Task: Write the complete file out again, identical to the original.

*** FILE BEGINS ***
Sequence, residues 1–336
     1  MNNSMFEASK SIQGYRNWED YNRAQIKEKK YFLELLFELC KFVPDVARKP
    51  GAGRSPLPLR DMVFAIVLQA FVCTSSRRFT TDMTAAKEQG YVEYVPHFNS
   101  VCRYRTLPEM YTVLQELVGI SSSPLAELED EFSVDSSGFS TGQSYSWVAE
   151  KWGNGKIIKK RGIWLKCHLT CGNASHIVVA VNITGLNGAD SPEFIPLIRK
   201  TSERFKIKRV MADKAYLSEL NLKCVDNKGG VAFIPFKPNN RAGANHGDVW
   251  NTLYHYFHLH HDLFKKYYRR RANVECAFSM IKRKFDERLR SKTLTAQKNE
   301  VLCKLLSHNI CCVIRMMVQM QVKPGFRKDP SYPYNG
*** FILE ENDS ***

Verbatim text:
Sequence, residues 1–336
     1  MNNSMFEASK SIQGYRNWED YNRAQIKEKK YFLELLFELC KFVPDVARKP
    51  GAGRSPLPLR DMVFAIVLQA FVCTSSRRFT TDMTAAKEQG YVEYVPHFNS
   101  VCRYRTLPEM YTVLQELVGI SSSPLAELED EFSVDSSGFS TGQSYSWVAE
   151  KWGNGKIIKK RGIWLKCHLT CGNASHIVVA VNITGLNGAD SPEFIPLIRK
   201  TSERFKIKRV MADKAYLSEL NLKCVDNKGG VAFIPFKPNN RAGANHGDVW
   251  NTLYHYFHLH HDLFKKYYRR RANVECAFSM IKRKFDERLR SKTLTAQKNE
   301  VLCKLLSHNI CCVIRMMVQM QVKPGFRKDP SYPYNG